2 comments on “Different To

  1. Languages of any persuasion are an evolving “entity” that accept and adopt idiomatic phrases from the locales they are being spoken. English is one of the most prolific of them all. That being said, incorrect used of words makes me cringe and the one that curls my toes the most is the use of “of” in place of “have.” As an example…. “I should of” instead of “I should have.” Just because some words are phonetically similar, does not make them interchangeable. And in the case of “of” and “have” not even close.

    Language, especially English, can be very complex in all its intricacies. But we should be taught and must learn to read write and speak correctly. Proper grammar, punctuation and spelling are like music; done right it can be spiritually transcending.

    Idioms are OK. Wrong is just plain wrong.

    • Well said, Ralph. I like your “should of” example. I can see how it happens: “should’ve” becomes “should of.” I have a similar example, and apologize in advance for any painful toe curling. I have a friend who says “used’ve.” I’m pretty sure it comes from “useta.” As in, “I useta go to the movies every week.” He’d say, “I used’ve go …” Similar to “shoulda” and “coulda” and so on. So I guess he’s trying to somewhat “correct” the sloppy term.-)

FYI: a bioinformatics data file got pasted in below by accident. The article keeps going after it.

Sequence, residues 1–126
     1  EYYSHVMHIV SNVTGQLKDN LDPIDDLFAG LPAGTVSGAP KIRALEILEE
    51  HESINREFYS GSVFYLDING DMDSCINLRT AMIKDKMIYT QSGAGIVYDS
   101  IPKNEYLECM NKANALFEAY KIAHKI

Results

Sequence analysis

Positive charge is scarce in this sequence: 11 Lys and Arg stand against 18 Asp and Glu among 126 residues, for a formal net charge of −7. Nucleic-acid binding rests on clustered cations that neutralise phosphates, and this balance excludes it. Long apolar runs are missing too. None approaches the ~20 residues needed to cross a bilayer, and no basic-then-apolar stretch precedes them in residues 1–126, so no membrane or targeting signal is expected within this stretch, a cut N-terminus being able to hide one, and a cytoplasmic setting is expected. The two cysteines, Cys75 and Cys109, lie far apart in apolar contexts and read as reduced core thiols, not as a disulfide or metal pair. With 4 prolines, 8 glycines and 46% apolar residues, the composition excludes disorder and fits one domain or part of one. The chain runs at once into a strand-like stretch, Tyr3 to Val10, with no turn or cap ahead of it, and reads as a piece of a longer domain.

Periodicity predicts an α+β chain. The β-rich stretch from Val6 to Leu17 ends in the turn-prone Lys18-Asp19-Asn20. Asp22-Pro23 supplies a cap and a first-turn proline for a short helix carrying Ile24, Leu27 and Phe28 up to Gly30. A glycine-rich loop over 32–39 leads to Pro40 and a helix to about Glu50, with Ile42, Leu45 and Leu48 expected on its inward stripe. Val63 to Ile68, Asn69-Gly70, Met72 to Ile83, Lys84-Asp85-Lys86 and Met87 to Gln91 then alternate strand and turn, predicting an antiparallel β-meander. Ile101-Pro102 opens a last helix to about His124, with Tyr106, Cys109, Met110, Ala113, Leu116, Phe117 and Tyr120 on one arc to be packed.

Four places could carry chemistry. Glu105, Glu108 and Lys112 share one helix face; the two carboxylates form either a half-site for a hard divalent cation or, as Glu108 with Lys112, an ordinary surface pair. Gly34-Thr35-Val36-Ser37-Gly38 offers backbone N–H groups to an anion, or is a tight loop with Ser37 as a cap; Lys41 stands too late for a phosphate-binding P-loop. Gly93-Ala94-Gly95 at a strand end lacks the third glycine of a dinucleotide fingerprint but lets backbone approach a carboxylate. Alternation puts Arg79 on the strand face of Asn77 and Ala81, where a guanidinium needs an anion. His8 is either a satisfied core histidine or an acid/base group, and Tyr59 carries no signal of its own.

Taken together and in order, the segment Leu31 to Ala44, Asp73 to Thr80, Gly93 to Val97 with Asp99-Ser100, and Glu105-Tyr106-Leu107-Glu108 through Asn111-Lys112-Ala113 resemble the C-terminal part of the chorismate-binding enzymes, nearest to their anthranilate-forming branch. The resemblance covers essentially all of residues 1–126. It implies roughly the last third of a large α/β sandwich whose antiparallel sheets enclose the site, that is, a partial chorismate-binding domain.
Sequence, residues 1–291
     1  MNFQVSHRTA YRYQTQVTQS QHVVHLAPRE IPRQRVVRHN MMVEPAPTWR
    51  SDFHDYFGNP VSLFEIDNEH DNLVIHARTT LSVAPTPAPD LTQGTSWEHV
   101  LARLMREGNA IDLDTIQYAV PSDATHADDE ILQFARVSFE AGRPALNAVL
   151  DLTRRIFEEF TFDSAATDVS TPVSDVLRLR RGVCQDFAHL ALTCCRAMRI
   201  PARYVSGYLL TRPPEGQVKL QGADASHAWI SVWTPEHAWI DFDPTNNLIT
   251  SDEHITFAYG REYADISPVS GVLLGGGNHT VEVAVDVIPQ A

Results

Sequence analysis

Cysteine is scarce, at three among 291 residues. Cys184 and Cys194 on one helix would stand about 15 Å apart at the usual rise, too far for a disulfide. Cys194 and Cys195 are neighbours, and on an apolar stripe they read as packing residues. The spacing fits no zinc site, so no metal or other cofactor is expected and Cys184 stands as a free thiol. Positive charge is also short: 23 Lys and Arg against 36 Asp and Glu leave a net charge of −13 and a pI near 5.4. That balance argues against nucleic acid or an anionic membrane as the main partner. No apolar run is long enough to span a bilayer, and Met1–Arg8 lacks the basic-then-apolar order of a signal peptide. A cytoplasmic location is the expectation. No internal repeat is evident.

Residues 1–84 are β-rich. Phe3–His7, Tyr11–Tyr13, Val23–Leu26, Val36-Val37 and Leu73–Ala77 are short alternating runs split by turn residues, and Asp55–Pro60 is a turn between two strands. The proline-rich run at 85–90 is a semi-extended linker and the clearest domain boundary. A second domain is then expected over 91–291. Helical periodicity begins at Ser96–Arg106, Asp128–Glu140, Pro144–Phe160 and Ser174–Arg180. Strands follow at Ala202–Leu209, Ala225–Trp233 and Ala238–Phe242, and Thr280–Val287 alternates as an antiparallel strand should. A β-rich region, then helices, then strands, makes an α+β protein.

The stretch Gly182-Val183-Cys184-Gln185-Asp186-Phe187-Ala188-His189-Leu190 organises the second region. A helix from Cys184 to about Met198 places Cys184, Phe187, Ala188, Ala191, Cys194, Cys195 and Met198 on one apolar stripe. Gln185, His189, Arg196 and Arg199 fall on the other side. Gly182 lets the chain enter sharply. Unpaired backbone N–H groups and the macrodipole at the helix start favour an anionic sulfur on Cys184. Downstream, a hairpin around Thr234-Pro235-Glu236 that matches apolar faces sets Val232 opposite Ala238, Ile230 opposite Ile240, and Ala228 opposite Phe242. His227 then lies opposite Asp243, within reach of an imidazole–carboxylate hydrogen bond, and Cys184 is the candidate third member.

You’re right about language evolving, and English being particularly good at that. That’s what makes it thrive so. The worst thing we could do is try to “regulate” it. We need to let it grow and change. Still, as you say, we should at least learn how to use it correctly in its existing form.

      Thanks for adding your interesting thoughts to the discussion.

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